New York) using 24-bit sampling, 512-point short-time Fourier transformations with 50% overlap, and a Hamming window. According to manufacturer’s specifications, all
equipment covered a frequency range of at least 20 –
20 000 Hz and had a flat frequency response across that range.
Whereas the mating calls of male Columbian ground
squirrels were loud and usually occurred in an area where a
male and female had submerged in a burrow together on the
night before the day of estrus (and we therefore expected
them to copulate; Manno et al. 2007), estrus calls were soft
in volume and often occurred far away from our observation
towers in less predictable places and times. Therefore, despite our best efforts, we were able to record only three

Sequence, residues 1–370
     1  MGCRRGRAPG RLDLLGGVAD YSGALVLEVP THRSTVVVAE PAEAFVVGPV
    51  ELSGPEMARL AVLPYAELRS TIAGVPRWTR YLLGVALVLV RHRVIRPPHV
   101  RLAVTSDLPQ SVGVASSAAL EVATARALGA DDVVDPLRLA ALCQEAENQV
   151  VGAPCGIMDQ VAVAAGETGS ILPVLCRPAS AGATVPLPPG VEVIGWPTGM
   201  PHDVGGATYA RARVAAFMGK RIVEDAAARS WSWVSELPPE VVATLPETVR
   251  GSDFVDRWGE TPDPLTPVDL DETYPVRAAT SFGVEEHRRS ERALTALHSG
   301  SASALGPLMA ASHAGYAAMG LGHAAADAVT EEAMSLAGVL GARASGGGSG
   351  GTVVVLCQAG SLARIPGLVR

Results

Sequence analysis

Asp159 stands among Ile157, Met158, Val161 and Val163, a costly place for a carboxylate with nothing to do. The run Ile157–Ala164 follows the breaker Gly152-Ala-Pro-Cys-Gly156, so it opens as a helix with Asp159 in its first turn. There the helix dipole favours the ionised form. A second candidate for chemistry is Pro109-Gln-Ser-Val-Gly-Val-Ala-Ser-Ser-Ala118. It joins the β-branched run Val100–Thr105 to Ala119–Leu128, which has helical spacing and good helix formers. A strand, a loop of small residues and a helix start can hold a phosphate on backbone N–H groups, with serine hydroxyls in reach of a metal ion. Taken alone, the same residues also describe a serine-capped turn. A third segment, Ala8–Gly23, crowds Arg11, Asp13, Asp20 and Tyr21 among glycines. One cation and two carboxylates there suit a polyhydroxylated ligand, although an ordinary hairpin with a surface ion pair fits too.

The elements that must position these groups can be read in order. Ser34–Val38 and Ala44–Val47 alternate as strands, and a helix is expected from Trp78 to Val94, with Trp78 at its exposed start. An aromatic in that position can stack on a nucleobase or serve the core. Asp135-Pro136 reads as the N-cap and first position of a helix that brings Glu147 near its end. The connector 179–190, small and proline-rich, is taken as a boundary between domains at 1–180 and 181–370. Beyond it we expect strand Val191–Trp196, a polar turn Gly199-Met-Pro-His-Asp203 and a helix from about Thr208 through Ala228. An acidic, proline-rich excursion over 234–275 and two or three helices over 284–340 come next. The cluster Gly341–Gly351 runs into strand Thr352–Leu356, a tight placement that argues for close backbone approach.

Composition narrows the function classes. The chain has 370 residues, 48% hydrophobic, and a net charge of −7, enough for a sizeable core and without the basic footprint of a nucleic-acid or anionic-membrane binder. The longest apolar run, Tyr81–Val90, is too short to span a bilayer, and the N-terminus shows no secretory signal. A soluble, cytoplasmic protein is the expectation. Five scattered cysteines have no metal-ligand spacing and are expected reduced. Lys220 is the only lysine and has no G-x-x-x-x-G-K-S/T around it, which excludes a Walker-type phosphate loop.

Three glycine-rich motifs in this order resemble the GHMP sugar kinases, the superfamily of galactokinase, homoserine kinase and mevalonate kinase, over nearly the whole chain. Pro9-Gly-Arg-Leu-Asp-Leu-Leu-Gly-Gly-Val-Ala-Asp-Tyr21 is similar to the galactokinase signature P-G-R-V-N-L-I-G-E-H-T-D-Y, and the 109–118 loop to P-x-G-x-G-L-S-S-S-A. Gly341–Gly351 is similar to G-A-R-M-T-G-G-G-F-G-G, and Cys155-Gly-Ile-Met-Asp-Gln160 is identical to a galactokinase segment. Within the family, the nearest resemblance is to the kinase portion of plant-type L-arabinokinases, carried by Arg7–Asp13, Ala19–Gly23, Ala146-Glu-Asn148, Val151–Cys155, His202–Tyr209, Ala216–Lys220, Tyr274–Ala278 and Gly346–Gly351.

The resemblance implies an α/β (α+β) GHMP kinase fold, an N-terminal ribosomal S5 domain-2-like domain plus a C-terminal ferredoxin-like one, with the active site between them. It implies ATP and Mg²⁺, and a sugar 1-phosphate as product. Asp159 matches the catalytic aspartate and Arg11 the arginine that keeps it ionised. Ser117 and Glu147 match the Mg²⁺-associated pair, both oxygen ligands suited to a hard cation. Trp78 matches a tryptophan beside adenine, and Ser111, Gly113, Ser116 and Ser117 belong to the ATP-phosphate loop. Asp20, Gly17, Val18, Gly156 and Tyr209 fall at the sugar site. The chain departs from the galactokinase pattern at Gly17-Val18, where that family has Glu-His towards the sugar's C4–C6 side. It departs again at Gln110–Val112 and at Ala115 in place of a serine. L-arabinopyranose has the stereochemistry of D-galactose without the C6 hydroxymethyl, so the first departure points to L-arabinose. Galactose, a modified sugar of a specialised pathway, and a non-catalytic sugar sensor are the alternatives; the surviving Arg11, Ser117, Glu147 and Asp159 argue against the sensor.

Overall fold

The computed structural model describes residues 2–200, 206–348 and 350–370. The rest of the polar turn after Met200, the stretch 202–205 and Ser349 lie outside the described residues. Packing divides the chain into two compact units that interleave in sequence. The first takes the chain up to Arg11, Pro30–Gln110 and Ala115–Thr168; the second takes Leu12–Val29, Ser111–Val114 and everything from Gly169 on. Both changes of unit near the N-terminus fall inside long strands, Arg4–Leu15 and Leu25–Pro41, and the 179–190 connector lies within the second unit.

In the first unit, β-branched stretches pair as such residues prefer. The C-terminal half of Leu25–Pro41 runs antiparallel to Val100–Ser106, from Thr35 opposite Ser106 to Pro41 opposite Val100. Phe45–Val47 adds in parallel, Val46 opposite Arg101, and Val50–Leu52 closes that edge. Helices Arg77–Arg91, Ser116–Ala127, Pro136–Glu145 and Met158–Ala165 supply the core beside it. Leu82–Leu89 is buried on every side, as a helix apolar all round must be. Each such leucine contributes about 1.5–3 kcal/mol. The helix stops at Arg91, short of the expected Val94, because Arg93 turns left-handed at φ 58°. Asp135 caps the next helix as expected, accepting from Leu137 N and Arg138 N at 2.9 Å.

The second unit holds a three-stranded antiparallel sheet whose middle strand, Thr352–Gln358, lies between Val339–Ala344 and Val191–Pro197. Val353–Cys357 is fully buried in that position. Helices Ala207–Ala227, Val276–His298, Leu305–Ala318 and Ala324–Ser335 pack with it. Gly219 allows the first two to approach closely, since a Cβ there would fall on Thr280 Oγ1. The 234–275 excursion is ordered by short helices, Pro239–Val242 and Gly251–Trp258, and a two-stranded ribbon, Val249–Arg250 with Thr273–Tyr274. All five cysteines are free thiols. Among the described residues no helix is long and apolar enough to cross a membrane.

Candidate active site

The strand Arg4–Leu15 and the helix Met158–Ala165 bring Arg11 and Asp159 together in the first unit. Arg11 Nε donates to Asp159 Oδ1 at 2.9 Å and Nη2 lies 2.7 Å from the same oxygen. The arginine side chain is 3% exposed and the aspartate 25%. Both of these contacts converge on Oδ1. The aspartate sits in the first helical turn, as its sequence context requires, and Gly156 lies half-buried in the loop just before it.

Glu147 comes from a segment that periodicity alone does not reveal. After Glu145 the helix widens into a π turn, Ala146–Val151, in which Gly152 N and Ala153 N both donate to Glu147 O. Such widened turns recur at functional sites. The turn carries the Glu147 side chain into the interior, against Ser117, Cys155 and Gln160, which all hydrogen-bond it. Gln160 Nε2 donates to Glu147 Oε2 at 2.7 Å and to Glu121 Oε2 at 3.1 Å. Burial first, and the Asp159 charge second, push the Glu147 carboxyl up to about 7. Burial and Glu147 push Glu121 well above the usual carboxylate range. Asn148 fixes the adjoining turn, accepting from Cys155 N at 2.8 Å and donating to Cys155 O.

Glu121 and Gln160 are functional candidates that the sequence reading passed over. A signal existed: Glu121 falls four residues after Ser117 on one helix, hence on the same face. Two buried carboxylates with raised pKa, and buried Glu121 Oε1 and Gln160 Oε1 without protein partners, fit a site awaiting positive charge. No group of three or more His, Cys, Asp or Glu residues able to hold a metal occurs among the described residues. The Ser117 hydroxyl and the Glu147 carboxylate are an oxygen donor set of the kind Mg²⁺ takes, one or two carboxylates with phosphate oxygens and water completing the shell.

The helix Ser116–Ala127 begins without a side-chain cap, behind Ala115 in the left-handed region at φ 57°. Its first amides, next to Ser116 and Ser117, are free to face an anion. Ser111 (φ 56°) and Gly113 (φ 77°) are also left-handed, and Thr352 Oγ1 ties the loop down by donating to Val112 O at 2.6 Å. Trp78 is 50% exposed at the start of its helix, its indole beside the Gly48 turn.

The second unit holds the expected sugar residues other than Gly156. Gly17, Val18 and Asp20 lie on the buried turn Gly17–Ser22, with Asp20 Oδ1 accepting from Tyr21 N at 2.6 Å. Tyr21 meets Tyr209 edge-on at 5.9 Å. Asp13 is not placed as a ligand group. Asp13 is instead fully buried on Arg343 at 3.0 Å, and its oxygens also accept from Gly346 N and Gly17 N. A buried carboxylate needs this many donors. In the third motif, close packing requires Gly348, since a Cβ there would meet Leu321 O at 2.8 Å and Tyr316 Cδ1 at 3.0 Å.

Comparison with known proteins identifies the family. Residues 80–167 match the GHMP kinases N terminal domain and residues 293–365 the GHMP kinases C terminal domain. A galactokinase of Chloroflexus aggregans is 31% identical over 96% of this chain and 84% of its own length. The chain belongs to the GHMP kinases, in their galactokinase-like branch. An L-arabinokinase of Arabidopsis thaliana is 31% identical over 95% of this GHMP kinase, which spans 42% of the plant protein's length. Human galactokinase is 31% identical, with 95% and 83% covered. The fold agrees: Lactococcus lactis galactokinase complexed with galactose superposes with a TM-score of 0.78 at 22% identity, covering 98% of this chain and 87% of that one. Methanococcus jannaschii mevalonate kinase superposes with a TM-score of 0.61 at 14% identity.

short calls in their entirety (from colony DOT during 2007),
and obtained other recordings of partial calls (N = 13, also
from DOT in 2007). Our data therefore preclude a robust
statistical test for individual uniqueness of estrus calls, and
playback experiments or analysis of the relative abundance
or patterning of multiple note types were also beyond the
scope of this preliminary examination of Columbian ground
squirrel estrus calls under natural conditions.
Statistical analysis
Using the copulations for which we had complete data on
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Manno et al.
all variables (N = 396 copulations), we conducted a multivariate logistic regression analysis using SAS version 9.1
(SAS Institute Inc. 2003) to determine the variables that
were related significantly to whether or not an estrus call
would be emitted after copulation. For this analysis, the dependent variable was the presence or absence of an estrus
call. We examined the body mass, age, and copulatory success (viz., number of sexual partners) of the consort male
and estrous female as independent variables. We also considered the relationships of level of territoriality for males,
OSR, the number of familiar and neighboring males to the